By: Dan Hueber –
The corn and bean trade are staring at the first “real” pressure day since the U.S and China called a truce last weekend and while by no means extreme, it would call into question just how much more we can milk out of the current situation. As we have noted before, existing tariffs remain in place, hindering new trade and it probably did not help the President Trump referred to himself as “Tariff Man” yesterday and suggested that he may not even want to cut a new deal with China because the increased tariffs were generating so much money for the U.S. coffers. While I suspect that was little more than rhetoric, it was not the type markets on thin ice like to hear.
The equity markets appear to take those comments the most seriously as we witness another sharp breakdown and once again returned to negative territory for the year. Granted, this did not press us into new lows for the year but is still quite a letdown after all the post weekend optimism. Often times I would view pressure in the equity world as a possible positive sign in commodities as money could begin to flow in our direction, but I suspect this action is just indicative of a general risk-off attitude.
According to the latest release by the Food and Agricultural Organization (FAO) of the UN, ag commodities should look like a bargain. Their food price index dropped from 162.9 in October to 160.8 in November, which is the lowest level witnessed in two years. The only subcategory that posted an increase was sugar.
This morning the IAE Research Institute, (Institute of Agrarian Economy) from Kiev updated Ukraine crop estimates for this year and boosted the figures. They project a record 70.2 MMT total grain crop, enhanced by what they believe will be a record corn harvest.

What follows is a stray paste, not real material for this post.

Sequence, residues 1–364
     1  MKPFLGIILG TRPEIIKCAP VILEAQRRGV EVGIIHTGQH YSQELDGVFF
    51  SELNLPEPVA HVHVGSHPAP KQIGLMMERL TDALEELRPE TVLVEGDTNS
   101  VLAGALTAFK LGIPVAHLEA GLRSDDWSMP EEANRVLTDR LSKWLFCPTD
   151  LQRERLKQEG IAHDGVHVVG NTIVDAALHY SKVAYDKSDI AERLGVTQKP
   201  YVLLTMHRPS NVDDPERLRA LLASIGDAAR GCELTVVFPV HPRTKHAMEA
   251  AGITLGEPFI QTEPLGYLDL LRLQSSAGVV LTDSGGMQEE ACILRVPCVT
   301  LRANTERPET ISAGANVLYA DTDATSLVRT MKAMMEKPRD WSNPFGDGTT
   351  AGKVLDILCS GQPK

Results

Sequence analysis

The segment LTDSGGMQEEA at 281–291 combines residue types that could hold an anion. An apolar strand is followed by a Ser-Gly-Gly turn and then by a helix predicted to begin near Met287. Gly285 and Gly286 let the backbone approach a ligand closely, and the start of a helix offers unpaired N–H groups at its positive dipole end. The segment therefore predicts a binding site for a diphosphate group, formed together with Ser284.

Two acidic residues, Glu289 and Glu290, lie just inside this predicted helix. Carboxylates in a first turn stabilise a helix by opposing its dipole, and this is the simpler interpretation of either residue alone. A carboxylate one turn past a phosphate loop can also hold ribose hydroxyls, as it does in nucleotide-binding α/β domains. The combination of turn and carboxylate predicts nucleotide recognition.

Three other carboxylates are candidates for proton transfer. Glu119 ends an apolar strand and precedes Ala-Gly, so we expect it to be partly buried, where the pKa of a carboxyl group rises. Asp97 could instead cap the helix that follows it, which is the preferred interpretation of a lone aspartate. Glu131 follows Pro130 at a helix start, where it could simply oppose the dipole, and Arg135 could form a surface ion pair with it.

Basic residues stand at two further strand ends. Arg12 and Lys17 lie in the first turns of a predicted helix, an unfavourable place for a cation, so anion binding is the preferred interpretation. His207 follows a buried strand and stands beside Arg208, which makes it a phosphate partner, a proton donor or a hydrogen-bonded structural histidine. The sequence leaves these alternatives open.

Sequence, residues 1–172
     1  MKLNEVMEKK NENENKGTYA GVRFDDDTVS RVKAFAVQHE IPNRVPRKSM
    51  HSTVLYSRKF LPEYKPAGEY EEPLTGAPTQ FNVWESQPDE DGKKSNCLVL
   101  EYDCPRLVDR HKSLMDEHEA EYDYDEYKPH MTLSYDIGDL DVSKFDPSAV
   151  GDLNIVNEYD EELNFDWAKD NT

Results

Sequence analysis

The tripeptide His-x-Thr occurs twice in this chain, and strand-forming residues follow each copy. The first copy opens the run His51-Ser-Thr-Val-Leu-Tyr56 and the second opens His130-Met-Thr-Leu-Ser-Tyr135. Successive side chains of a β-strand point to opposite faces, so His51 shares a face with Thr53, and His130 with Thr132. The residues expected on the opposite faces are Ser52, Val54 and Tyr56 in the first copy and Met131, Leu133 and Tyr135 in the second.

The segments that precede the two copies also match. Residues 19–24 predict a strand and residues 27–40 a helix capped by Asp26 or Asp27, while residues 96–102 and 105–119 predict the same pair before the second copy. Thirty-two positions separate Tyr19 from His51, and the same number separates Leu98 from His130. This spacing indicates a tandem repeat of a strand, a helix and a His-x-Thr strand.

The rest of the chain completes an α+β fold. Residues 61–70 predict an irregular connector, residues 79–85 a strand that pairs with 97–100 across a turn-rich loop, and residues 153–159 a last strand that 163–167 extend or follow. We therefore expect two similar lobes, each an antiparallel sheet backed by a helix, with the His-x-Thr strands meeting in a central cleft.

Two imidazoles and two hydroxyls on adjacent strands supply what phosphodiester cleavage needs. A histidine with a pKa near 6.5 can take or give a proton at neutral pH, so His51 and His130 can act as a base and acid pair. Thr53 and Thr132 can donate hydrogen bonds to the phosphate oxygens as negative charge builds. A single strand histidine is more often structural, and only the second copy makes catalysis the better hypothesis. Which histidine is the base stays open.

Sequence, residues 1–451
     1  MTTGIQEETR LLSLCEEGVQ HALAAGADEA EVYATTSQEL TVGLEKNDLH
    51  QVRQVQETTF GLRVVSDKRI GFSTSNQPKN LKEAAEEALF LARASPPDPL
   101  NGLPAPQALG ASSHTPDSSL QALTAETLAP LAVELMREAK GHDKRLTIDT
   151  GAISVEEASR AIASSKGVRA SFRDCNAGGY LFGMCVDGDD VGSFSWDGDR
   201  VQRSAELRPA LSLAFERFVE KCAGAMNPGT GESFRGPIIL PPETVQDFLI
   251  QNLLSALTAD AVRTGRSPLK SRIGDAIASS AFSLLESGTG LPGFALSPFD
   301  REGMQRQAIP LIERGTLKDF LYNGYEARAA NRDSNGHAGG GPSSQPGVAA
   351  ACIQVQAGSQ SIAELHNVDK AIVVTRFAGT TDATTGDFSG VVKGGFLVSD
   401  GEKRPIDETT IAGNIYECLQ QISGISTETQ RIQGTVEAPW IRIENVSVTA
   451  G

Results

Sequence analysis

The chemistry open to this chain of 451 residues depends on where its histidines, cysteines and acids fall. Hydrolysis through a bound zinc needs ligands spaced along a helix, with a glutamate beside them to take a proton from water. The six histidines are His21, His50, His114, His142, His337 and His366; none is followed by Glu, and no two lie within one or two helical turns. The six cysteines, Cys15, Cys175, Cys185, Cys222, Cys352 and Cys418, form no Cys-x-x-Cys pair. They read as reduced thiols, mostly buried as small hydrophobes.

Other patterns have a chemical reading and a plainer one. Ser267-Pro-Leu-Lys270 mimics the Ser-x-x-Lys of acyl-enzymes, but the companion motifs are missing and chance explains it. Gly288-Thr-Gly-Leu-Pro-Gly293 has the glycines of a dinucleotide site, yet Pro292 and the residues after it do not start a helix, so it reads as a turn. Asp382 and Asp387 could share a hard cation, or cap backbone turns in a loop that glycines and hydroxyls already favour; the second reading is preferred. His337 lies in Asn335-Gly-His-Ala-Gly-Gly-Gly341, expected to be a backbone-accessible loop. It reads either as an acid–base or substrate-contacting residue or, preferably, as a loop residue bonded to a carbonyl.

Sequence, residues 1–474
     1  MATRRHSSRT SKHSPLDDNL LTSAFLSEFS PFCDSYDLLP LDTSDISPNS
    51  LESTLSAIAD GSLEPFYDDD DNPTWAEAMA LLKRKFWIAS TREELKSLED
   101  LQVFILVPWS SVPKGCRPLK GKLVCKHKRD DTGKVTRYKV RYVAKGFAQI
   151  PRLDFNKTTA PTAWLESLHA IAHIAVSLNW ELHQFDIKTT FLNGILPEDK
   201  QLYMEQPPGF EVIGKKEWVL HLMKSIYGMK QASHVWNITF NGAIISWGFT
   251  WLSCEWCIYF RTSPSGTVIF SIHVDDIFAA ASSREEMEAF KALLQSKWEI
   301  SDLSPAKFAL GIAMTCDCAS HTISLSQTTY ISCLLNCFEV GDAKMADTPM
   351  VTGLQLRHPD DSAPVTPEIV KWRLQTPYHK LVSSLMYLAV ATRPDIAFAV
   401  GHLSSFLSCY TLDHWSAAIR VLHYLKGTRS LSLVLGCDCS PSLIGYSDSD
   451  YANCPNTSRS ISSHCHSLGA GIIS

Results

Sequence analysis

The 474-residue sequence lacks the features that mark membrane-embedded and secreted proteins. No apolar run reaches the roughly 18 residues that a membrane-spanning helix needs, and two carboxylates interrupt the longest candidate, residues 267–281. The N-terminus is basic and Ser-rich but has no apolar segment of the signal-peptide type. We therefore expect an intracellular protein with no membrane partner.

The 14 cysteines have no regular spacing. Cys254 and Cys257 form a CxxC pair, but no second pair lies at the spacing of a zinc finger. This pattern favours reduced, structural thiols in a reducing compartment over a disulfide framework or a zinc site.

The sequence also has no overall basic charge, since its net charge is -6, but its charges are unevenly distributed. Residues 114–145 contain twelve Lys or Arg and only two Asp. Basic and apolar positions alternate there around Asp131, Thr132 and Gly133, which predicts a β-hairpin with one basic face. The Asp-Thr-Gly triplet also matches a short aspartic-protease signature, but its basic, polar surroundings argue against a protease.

As we wait for the December USDA numbers next week, Stats Canada has provided an update to mull around. Released just the morning, they now peg All Wheat output at 31.769 MMT up from 31 MMT on the last estimate. The canola crop is estimated to be 20.343 MMT versus the last estimate of 20.9, corn at 13.855 compared with 14.5, soybeans at 7.267 MMT versus 7.52 and barely at 8.38 MMT up from 8.2.
Once again, here are estimates for the USDA report next week; Domestic ending stock for corn at 1.738 billion, compared with 1.736 last month. Beans at 945 million versus 955 and wheat at 956 million instead of 949 million. The survey is calling for Argentine corn production of 42.43 MMT (42.5) and beans at 55.72 (55.50) and for Brazil, corn production at 94.41 (94.5) and beans 120.88 (120.50). Finally, world ending stocks are expected to come in at 307.59 MMT for corn (307.51), 112.79 MMT for beans (112.08) and 266.79 MMT wheat (266.71).
Weekly export sales will be delayed until tomorrow, but we did see a nice sale reported this morning in the daily system. Mexico has purchased another 198,120 MT of corn. Of this total, 106,680 will be for the current crop year and the balance slated for 2019/20.